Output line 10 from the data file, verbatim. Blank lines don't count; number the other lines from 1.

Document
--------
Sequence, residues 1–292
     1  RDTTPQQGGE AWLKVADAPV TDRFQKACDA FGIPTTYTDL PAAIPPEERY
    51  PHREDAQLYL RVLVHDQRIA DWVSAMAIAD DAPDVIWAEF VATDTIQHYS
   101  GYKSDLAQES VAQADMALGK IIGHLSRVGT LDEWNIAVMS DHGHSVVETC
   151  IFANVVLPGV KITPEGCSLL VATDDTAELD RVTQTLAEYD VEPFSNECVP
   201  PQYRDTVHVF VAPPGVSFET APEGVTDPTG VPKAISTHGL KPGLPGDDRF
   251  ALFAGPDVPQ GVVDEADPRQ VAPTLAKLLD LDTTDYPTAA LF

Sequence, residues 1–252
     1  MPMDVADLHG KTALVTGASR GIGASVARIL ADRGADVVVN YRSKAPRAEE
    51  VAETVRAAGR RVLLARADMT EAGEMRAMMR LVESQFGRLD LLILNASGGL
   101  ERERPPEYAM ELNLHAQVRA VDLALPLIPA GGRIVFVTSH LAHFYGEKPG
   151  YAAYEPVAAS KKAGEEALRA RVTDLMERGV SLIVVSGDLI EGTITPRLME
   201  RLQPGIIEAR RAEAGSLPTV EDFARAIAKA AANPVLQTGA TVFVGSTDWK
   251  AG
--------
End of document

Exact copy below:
    51  VAETVRAAGR RVLLARADMT EAGEMRAMMR LVESQFGRLD LLILNASGGL